Methods of Systematic Upscaling
"... Systematic Upscaling (SU)is a new multiscale computational methodology for the accurate derivation of equations (or statistical relations) that govern a given physical system at increasingly larger scales. Starting at a fine (e.g., atomistic) scale where firstprinciple laws (e.g., differential equa ..."
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Cited by 4 (0 self)
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Systematic Upscaling (SU)is a new multiscale computational methodology for the accurate derivation of equations (or statistical relations) that govern a given physical system at increasingly larger scales. Starting at a fine (e.g., atomistic) scale where firstprinciple laws (e.g., differential equations) are known, SU advances, scale after scale, to obtain suitable variables and operational rules for simulating the system at any large scale of interest. SU combines the complementary advantages of two multilevel computational paradigms that have emerged over the last 35 years: multigrid in applied mathematics and renormalization group in theoretical physics. It includes systematic procedures to iterate back and forth between all the scales of the physical problem, with a general criterion for choosing appropriate variables that operate at each level, and general techniques to derive their governing relations. Indefinitely large systems can in this way be simulated, with computation at each level being needed only within limited representative windows. No scale separation is assumed; unlike conventional adhoc multiscale modeling, SU is in principle quite generally applicable, free of slowdowns and bears fullycontrolled accuracy. Fields that can be greatly impacted by SU range from elementary particle physics and quantum chemistry to molecular and macromolecular dynamics, material science, nanotechnology, biotechnology, and others. Cutting across such diverse fields, the present article does not focus on any specific application but on the generic principles of upscaling various types of systems, such as: problems defined on grids on one hand, and moving particles on the other hand; from ensembles of singleatom molecules to macromolecules in solution; local interactions as well as longrange ones; dynamical systems, both deterministic and stochastic; equilibrium calculations, including special procedures for low temperatures; energy minimization, particularly for functionals afflicted with multiscale nested attraction basins; etc. A suite of related upscaling techniques connects all these cases into one unified body of study. 1 1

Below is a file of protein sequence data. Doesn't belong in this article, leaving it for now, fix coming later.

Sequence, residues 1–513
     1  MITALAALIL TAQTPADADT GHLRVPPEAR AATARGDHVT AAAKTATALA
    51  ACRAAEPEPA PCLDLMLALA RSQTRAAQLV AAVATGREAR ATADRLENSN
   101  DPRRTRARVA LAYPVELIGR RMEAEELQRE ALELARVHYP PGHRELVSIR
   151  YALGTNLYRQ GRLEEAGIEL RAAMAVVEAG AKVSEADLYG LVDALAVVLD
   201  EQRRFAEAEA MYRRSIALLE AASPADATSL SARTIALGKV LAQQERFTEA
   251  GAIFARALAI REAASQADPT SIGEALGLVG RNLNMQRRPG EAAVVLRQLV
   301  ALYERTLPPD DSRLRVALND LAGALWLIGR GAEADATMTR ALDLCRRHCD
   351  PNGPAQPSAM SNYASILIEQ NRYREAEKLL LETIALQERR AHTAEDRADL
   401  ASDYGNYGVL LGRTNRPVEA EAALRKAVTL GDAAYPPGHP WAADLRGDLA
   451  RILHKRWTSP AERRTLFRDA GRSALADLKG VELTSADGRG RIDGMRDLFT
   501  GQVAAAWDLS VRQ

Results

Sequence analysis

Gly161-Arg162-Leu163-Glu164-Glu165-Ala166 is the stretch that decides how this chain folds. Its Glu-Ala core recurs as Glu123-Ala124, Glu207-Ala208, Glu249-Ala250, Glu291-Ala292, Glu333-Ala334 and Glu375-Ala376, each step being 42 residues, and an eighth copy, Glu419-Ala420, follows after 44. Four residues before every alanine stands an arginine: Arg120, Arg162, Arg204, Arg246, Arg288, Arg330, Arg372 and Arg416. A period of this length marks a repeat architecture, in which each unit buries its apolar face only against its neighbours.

Statistically Optimal Multigrid Algorithms for the Anharmonic Crystal Model
, 1997